The fourth in the series of Nibel designs that would evolve into the Mercedes-Benz line during the tough mid-1930 years, the Mercedes-Benz 230 was a very handsome pre-war vehicle often used by German officials during the Second World War, some of which were even confiscated and brought to the U.S.A. The Mercedes-Benz 170, the first of the Nibel designs was introduced in 1931 and though quite staid in appearance, underneath the hood was the Nibel's revolutionary chassis design that set a new standard of comfort and safety. The designs featured a box-section frame with all round independent suspension and four-wheel hydraulic brakes. The economical 170 was priced competitively for the market while keeping to Mercedes-Benz's exceptional quality standards.
Proving to be quite a success with the public, natural progression of the Mercedes-Benz 170 led to the larger-engined, more-powerful models that included the 200, and the 230 (W21). The following year the short-wheelbase Mercedes-Benz 230 (W143) replaced the 200 and 230 (W21). Powered by a 2.3-liter straight-six engine that pumped out 55 horsepower, the short-chassis cars used an oval-tube backbone. Later that year the marque switched the car to a long-wheelbase chassis and called the car the 230 that used a box-section frame. Production of the 230 continued on until 1941.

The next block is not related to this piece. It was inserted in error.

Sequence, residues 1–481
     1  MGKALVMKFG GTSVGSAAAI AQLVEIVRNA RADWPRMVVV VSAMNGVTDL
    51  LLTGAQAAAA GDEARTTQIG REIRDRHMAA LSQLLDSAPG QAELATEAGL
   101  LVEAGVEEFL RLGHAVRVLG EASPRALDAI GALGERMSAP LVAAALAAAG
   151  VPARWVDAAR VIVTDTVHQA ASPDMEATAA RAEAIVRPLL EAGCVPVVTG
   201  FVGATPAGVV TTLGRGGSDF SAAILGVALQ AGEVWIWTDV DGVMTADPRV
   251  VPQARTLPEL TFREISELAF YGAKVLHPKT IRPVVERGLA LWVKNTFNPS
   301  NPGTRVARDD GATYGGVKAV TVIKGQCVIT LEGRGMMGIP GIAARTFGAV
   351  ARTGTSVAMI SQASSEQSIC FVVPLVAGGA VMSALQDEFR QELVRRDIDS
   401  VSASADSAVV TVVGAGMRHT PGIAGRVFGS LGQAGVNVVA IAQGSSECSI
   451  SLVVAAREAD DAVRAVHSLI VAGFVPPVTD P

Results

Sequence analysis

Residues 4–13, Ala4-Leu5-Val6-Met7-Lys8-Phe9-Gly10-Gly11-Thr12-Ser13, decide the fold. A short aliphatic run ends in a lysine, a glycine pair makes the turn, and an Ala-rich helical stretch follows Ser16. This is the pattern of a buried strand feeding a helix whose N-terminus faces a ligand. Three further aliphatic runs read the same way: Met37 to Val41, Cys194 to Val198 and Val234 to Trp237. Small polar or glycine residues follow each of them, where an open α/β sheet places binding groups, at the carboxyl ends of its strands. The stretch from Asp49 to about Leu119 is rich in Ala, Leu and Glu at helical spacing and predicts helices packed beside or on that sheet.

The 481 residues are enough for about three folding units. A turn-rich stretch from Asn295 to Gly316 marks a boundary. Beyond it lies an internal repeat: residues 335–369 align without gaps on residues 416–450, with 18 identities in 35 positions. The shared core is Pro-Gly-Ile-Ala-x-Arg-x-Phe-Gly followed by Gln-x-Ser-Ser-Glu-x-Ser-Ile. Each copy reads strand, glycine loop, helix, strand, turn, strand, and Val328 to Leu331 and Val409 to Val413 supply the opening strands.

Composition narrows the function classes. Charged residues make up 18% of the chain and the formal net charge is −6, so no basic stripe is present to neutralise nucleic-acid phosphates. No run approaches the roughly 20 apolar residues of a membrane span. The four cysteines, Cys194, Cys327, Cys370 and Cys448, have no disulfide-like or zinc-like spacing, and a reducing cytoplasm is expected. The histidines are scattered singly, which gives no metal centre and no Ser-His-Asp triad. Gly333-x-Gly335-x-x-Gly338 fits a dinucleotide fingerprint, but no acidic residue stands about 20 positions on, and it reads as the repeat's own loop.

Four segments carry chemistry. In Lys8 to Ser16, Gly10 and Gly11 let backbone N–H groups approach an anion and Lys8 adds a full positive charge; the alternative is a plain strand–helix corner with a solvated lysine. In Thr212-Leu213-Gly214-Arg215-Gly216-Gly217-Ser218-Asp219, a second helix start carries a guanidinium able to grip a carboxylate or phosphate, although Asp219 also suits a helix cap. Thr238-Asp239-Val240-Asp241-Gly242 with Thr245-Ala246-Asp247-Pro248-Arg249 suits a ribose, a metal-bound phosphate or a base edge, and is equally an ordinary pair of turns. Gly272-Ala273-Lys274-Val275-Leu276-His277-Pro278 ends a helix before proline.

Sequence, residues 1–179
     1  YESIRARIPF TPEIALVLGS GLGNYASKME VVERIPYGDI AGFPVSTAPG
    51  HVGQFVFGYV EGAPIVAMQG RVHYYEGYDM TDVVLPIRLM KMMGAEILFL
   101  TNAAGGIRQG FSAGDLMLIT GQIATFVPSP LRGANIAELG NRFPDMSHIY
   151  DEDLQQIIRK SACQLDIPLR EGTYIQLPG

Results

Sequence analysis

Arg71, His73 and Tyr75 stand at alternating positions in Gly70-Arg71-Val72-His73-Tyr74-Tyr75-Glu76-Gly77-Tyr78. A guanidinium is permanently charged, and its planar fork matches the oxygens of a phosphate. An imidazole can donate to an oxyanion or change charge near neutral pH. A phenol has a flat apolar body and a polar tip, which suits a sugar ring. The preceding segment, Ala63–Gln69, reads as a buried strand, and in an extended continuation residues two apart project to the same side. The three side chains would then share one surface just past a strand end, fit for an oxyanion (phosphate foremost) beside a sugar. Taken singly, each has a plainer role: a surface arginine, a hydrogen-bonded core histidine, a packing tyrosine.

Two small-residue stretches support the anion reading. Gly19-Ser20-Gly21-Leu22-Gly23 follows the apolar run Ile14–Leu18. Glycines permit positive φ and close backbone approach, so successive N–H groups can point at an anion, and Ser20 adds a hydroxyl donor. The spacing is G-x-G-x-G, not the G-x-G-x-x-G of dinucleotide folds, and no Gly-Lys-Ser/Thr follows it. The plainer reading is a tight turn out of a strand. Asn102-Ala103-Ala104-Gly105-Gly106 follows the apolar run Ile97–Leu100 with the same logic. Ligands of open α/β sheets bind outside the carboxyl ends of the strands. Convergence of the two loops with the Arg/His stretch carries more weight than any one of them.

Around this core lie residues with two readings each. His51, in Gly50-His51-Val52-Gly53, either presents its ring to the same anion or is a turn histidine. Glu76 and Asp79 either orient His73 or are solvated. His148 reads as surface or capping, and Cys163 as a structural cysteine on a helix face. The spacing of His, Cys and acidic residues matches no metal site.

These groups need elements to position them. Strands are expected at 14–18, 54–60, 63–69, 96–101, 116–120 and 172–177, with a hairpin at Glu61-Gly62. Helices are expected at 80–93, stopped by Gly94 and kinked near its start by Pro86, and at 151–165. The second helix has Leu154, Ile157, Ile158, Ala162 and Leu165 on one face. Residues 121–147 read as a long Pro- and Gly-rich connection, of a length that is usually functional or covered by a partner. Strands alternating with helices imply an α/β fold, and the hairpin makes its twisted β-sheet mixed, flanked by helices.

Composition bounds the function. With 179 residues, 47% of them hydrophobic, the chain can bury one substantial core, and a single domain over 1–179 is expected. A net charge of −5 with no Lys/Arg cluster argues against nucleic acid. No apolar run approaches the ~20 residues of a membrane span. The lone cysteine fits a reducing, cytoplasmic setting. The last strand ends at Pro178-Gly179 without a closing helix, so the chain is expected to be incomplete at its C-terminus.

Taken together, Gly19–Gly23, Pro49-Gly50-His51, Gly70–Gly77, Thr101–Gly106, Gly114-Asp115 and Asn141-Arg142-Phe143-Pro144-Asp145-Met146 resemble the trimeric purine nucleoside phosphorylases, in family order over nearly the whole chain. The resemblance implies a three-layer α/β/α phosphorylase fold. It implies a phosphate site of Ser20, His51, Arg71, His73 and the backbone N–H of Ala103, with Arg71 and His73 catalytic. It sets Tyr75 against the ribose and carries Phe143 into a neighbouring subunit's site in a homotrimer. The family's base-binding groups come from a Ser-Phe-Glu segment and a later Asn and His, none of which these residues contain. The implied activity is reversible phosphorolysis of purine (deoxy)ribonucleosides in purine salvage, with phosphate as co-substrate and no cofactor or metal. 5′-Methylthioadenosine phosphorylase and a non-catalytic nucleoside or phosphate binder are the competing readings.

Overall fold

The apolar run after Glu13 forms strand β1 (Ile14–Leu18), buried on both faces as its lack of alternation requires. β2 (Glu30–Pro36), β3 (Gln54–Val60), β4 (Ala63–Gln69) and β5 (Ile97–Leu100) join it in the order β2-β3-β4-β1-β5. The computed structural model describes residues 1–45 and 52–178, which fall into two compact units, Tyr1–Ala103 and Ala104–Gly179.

Special off-road sports models were created from the basis of popular 170 V and 230 to be used in cross-country rallies, but with higher output 2-liter and 2.3 liter engines.
Riding on a 120-inch wheelbase, the 2,289 cc inline L-head engine had a four-speed manual gearbox, four-wheel independent suspension and four-wheel hydraulic drum brakes. The vehicle featured blackwall Continental tires and dual side-mount spare tires.
During the 1930s and '40s, the most common saloon body type used for Mercedes-Benz vehicles was the limousine, with comfortable room for up to four passengers. These spacious vehicles generally came with an schiebedach, or a sunroof that could open up the entire roof with a sliding fabric configuration so both front and rear passengers could enjoy the view.
Three models of the 230 were created and designed by Mercedes-Benz by code letters. In 1939 production ended with more than 24,500 230s of all types built. Only 38 of the Cabriolet B 4-four seater with 2 doors models were produced, which made it incredibly rare. One sold in April of 2013 for $158,500. The Classic Car Club of Americans recognizes the rare Mercedes-Benz 230 as a 'Full Classic'. Sources:
By Jessica Donaldson